Batches of Insulin Pens and Cartridges Recalled Across Europe
|Author: AboutMyArea HeadOffice||Published: 28th October 2013 10:43|
People with diabetes asked to check their insulin pens or pen cartridges because of quality concerns
The Medicines and Healthcare products Regulatory Agency (MHRA) are asking people with diabetes to check their insulin pens or pen cartridges at home after a manufacturing fault has resulted in a precautionary recall across Europe of 33 specific batches of insulin pens and cartridges.
The products affected by the European recall are the NovoMix 30 Flexpen 100U/ml pre-filled pen and the NovoMix 30 Penfill 100U/ml cartridge. The manufacturing problem concerns a fault in the filling of the cartridges, which resulted in some batches of pens and cartridges containing too much or too little insulin.
In 2012, just over one million (1,063,599) prescriptions in England were dispensed for these insulin pens and cartridges. Information from the manufacturer shows that only around 0.14 per cent of the 3.3 million cartridges that are sold across Europe are likely to be affected by the manufacturing problem. Therefore, the safety risk to people with diabetes in the UK is likely to be limited to a small number of people.
People with diabetes or their carers can check to see if they have pens or cartridges from the affected batches by looking to see if the following batch numbers are printed on the pen or cartridge: CS6D422, CS6C628, CS6C411, CP50912, CP50750, CP50639, CP51706, CP50940, CP50928, CP50903, CP50914, CP50640, CP51095, CP50904, CP50650, CP51098, CP50915, CP50412, CFG0003, CFG0002, CFG0001, CP50902, CP50749, CP50393, CP50950, CP51025, CP50751, CP50375, CP50420, CP51097, CP50641, CP51096 and CP50392.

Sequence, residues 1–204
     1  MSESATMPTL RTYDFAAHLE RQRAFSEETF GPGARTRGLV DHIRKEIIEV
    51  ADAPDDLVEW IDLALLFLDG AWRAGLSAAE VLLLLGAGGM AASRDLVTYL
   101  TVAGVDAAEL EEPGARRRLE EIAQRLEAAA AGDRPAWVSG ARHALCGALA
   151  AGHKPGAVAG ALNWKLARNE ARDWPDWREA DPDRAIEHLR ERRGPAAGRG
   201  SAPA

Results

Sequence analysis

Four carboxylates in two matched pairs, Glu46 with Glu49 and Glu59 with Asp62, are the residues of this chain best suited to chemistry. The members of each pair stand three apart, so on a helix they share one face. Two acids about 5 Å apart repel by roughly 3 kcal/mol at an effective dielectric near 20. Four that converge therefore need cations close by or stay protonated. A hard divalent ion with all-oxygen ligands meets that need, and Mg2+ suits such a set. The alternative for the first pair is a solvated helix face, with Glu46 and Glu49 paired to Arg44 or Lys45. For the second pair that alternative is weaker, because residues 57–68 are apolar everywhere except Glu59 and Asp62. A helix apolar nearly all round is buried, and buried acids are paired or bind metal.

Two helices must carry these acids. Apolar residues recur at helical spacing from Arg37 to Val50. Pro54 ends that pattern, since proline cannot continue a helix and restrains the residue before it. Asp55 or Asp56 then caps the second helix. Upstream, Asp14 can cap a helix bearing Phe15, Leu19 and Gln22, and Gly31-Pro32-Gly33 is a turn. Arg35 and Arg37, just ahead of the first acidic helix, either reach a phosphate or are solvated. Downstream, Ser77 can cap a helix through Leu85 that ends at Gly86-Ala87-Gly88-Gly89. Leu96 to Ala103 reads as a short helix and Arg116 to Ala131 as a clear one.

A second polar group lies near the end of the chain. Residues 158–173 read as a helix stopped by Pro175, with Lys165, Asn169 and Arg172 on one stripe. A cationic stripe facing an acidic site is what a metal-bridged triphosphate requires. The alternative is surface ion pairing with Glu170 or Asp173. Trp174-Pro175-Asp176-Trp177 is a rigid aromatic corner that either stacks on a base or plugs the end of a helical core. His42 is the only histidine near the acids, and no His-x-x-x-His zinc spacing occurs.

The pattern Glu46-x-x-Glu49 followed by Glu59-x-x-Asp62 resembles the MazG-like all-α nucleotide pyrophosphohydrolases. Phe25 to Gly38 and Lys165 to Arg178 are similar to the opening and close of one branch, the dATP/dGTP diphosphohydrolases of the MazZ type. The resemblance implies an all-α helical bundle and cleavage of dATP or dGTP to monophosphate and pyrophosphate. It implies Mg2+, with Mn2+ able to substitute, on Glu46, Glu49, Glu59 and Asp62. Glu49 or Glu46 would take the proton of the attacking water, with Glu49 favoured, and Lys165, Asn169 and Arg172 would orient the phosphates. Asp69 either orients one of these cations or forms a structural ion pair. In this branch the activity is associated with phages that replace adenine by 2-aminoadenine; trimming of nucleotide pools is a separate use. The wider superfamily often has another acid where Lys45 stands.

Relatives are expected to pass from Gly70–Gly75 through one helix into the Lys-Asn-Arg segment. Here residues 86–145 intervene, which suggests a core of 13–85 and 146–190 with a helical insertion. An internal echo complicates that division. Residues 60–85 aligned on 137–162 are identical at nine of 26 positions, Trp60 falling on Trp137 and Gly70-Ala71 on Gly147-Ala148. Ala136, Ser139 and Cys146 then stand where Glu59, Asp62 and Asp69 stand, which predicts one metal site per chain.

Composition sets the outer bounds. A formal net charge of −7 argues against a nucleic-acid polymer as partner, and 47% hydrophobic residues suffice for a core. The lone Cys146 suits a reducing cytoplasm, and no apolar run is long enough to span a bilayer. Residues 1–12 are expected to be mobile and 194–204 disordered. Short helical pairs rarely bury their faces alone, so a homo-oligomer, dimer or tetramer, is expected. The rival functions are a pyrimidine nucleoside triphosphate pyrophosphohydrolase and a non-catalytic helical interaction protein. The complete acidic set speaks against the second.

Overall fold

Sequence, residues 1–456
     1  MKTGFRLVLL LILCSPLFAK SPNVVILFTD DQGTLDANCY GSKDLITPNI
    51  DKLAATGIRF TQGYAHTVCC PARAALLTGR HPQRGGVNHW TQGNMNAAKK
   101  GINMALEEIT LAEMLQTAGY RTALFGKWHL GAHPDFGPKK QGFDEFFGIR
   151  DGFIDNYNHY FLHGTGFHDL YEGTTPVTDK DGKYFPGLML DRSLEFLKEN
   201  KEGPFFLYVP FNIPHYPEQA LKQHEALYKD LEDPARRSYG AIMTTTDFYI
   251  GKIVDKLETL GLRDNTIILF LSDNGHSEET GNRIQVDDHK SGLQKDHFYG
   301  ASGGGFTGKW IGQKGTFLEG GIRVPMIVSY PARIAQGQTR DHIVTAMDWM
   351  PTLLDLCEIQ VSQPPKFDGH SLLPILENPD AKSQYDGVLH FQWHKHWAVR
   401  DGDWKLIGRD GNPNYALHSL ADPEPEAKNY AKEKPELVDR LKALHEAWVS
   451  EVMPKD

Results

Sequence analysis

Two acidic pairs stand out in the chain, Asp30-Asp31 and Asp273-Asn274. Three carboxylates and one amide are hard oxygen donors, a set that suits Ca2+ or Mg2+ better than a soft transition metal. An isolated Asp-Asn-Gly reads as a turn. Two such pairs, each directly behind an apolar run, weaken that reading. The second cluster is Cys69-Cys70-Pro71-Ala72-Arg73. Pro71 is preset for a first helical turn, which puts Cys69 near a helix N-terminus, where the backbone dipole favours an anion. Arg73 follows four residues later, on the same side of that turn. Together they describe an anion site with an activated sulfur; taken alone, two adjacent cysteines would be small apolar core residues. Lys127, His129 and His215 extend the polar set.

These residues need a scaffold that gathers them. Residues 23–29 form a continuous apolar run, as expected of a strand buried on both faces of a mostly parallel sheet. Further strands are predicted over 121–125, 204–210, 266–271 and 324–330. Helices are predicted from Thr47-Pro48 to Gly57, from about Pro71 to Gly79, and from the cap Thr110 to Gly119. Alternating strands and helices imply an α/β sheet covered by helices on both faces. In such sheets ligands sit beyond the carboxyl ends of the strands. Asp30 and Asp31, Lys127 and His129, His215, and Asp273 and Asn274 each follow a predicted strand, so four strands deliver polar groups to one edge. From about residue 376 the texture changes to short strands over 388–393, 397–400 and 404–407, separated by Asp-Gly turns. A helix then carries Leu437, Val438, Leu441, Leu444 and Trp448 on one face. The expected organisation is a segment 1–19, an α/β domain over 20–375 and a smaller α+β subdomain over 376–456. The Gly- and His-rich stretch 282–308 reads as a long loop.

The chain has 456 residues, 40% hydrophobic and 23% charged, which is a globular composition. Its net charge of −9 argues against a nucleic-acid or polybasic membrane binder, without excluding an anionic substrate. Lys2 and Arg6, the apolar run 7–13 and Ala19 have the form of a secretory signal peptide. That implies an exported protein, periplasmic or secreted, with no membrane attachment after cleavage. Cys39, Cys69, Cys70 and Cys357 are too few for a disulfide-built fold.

"It is important that patients do not stop their treatment"
Gerald Heddell, the MHRA's Director of Inspection, Enforcement and Standards, said: "Patients who use this product should check the batch numbers to see if their medicine is affected. If it is not listed as part of the recall, they should continue to take it as prescribed.
"Any patients with affected medicines should consult their GP or nurse to make arrangements for a new supply as soon possible.
"In the meantime, it is important that patients do not stop their treatment. They are advised to continue taking their medicine but to measure their blood glucose levels frequently to ensure adequate blood sugar control and that they are in close contact with their carer, a friend or family member who can get medical help if necessary. Patients who experience symptoms of hypo- or hyperglycaemia should contact a healthcare professional immediately."
Simon O'Neill, Diabetes UK's Director of Health Intelligence and Professional Liaison, said: "The important thing is that anyone affected by this must keep taking their insulin but should get it replaced at the earliest opportunity. We recommend people test their blood glucose levels regularly and be aware that their glucose levels may potentially run higher or lower."